"I wish I could face him again," Revere said after Sunday's 4-1 loss. "You get ticked off about going down like that."
Since Revere had never seen Brown, his preparation was based off the tape he had watched on the right-hander and the Rupp and Ruf strikeouts. From the tape, Revere said he knew Brown had a dominating fastball, so he went to the plate expecting to be challenged. But Brown didn't challenge Revere so much as he fooled him. Three times.
"To get triple-double changeups like that that really kinda surprised me," Revere said. "But I was up there being aggressive, trying to drive something. And he did the right pitches in the right counts."
Revere's aggression was characteristic of the Phillies as a whole over the past two series. Dating back to May 26, the Phillies are 1-for-28 with runners in scoring position, with the only hit coming in the seventh inning. All that hit did was move the runners and load the bases to set up the back-to-back-to-back strikeouts.
Phillies manager Ryne Sandberg stressed the importance of that exchange after the game, remarking that it was one of the best opportunities the team had to score. However, he also said that the incident was not isolated and has developed into a trend the past few games.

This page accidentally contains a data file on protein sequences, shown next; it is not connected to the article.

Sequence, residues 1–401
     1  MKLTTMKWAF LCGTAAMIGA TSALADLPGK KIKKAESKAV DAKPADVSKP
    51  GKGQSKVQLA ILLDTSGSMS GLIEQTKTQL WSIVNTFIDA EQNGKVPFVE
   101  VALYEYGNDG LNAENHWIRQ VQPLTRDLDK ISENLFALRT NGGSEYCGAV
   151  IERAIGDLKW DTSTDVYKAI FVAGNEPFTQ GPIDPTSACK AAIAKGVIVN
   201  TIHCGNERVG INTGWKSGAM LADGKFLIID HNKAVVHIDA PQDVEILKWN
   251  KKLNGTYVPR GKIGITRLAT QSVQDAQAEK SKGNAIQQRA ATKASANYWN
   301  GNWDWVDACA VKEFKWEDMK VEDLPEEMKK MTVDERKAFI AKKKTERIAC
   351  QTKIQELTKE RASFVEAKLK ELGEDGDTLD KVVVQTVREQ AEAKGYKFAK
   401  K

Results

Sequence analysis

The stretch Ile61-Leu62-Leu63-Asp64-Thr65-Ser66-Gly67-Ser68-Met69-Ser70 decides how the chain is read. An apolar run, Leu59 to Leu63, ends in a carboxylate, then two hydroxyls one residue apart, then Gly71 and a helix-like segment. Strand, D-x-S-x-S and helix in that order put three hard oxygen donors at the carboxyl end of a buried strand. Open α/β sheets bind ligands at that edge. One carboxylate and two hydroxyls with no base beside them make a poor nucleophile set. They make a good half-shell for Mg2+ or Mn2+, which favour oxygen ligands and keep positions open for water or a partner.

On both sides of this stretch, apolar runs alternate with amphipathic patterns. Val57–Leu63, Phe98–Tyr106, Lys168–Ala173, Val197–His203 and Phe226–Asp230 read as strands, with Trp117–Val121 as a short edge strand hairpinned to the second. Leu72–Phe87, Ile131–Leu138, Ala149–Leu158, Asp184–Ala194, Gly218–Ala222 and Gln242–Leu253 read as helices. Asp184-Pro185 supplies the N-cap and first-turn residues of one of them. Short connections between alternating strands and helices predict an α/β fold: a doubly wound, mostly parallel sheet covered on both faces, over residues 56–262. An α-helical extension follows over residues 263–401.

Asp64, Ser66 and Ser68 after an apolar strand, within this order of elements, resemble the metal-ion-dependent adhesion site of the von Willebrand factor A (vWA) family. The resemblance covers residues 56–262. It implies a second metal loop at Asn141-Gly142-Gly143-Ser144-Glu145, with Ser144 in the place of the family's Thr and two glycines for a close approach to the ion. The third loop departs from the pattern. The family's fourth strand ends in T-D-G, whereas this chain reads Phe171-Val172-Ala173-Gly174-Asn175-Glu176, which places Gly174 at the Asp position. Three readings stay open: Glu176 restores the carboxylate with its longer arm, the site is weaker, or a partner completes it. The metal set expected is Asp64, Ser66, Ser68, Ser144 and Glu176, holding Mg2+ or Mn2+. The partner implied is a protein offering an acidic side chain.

"That was a disappointing half of an inning for us," Sandberg said. "I think pitchers are coming at us with strikes. You have to swing the bats and create some offense by swinging it to get some base runners."
Because of the point in the game it came in, Revere's strikeout resonated most with the fans, as he left the field to a chorus of boos. But it wasn't just Revere who stranded runners in scoring position Sunday. The Phillies left men on second base in the first, second and fifth innings and aside from a first-inning single by Chase Utley, the top five hitters in the Phillies order went 0-for-18.
Revere said he thought that Sunday's 1-for-19 showing was indicative of how well the Rockies prepared for this series.
"However I look at it, the Rockies had a good game plan against us, especially the main hitters of me, Chase, Howie, especially the top of the order," Revere said. "They had our number. You have somebody's number, that's how you wind up [winning] games."